Fitness for the sake of fitness is no bad thing, but a more tangible goal can help to keep you motivated, especially if you tend to rack up the miles on cardio machines like the treadmill and rower.
To spice up your routine and help the time fly, try taking on gym versions of these four epic real-world races. That means climbing the Empire State Building on a stepper, crossing the Channel on a rower, cycling the Tour de France (well, one stage of it) on an exercise bike or summiting Ben Nevis on a treadmill.
It might take a little imagination to envisage the stunning vistas of the Scottish Highlands in the sweaty confines of your local gym, but a grander challenge will certainly help motivate you to carry on. And when your fellow gym-goers ask why you’ve suddenly thrown up your arms in celebration on the treadmill, point them in the direction of this article so they can take on the challenge themselves.
Run Up The Empire State Building
The event: Tower races don’t come much grander than the annual event at the Empire State Building in New York, where runners take on 1,576 steps to cover a vertical distance of 320m (1,050ft). The current record time is 9min 33sec, set by Australian Paul Crake in 2003.
The challenge: Warm up with ten minutes of jogging on the treadmill, then head for the step machine. This should have a total step readout and allow you to adjust the steps per minute speed. Aim to keep your pace constant as you climb 1,576 steps, seeing how close you can get to Crake’s incredible record.
Expert’s tip: “Avoid shifting your body from side to side as you climb the steps, because this will overuse the muscles in your lower back,” says Andy Wadsworth, personal trainer and endurance coach to British Olympians. “Make sure you drive through each step with your leg muscles.”
Ride A Stage Of The Tour De France
The event: The good news is it’s not a mountain stage; the bad news is it’s still 53km done as fast as you can. You’ll replicate stage 20 of the 2008 Tour, an individual time trial from Cérilly to Saint-Amand-Montrond. The winner that day was Stefan Schumacher, who covered the distance in 1hr 3min 50sec. That’s very fast, so if you want an easier target, why not shoot for the 1hr 6min 24sec it took the eventual Tour winner Carlos Sastre? Wait, that’s still absurdly fast.
The challenge: Get a taste of the Tour by jumping on a stationary bike and ploughing through the 53km as fast as you can. Tactics-wise, the pros aim to maintain a fairly even effort over the course of the ride, gradually building the pace so you complete the second half faster than the first.
Expert’s tip: “To save energy, keep your upper body relaxed and your pedal revolutions above 90 per minute,” says Wadsworth. “A higher gear will prevent your muscles from tiring too quickly.”
Row The English Channel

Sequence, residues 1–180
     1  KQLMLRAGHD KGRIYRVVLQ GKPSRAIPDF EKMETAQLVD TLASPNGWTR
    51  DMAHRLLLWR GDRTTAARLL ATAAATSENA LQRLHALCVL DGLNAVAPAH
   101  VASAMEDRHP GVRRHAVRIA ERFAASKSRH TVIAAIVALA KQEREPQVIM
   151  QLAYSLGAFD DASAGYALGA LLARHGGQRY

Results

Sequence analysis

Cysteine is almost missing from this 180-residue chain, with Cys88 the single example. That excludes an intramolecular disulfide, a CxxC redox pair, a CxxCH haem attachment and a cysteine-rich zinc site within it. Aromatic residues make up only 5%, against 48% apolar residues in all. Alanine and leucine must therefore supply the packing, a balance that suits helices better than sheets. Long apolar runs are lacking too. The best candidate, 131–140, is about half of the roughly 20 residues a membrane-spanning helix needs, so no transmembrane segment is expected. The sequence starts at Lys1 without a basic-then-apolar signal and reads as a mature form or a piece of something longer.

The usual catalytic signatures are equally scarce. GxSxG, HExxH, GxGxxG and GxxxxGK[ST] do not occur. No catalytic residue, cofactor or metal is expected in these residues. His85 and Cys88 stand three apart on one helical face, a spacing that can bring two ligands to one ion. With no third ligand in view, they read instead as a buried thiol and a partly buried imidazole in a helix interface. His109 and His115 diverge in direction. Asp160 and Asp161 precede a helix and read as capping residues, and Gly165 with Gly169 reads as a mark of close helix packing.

The event: The Boat Race between Oxford and Cambridge is the highlight of the rowing calendar. However, in 2005, the two universities decided that wasn’t enough and they needed something more, something grander, to express their rivalry, so they held the first ever cross-channel rowing race. The crew from St John’s College, Cambridge, covered the 34km from Shakespeare Beach in Kent to Cap Gris-Nez west of Calais in 3hr 37min to win. To be fair, Oxford won the regular Boat Race, so we’ll call 2005 a draw.
The challenge: Spending four hours plus on a rowing machine is a big ask, so best to break this up into four sessions of 8,500m apiece or two epic 17,000 rows. Start at a steady pace, but aim to increase your speed each session. Then tot up the total for the 34km and compare it to Cambridge’s effort. Obviously you’re at a disadvantage since you’re doing it solo, but you’re not battling waves and dodging ferries.
Expert’s tip: “When you’re rowing, the power should come from your legs because they are more than five times as strong as your arms,” says Wadsworth. “And long, powerful strokes are far more effective than short, sharp ones.”
Run Up Ben Nevis
The event: Every year runners take on the UK’s highest mountain in the Ben Nevis Race. The course starts and finishes in Claggan Park sports ground, Fort William, covering 16km and involving 1,340m of ascent in between. The current record was set by Kenny Stuart in 1984 and stands at 1hr 25min 34sec.
The challenge: It’s treadmill time. Start by jogging with the incline set on 1% for the first 3km. Then raise it to 2% and continue to increase it by one percentage point with every kilometre until it stands at 5% at the 6km mark. Keep the incline at 5% for the next 4km, then raise it to 6% once you hit 10km. Run for another three kilometres and then ratchet up the incline again, hitting 7% at 13km and staying there for 2km. Once you hit 15km, put it up to 8% for the final kilometre. Good luck.
Expert’s tip: “Make a conscious effort to keep your abs tensed so that you run from a strong position,” says Wadsworth. “Shortening your stride helps you cope with the incline without placing a strain on your lower back.”
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